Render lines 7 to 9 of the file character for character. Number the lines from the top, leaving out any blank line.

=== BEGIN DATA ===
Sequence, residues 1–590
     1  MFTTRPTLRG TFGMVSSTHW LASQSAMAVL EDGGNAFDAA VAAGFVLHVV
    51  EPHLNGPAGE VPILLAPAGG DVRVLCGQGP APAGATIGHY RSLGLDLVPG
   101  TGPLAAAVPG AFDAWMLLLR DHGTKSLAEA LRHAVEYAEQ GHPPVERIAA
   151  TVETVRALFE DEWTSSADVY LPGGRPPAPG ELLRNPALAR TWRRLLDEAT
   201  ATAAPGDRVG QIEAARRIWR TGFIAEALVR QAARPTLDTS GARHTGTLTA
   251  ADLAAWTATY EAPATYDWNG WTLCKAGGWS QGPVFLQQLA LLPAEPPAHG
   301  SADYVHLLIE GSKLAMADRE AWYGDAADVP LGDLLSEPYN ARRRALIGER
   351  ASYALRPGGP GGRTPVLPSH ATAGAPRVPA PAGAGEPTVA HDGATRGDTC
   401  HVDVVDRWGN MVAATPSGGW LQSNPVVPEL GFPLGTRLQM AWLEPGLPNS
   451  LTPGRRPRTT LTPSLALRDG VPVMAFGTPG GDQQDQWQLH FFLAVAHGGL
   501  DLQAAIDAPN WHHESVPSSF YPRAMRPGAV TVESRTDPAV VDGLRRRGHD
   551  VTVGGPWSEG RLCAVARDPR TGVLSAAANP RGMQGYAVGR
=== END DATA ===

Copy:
   251  ADLAAWTATY EAPATYDWNG WTLCKAGGWS QGPVFLQQLA LLPAEPPAHG
   301  SADYVHLLIE GSKLAMADRE AWYGDAADVP LGDLLSEPYN ARRRALIGER
   351  ASYALRPGGP GGRTPVLPSH ATAGAPRVPA PAGAGEPTVA HDGATRGDTC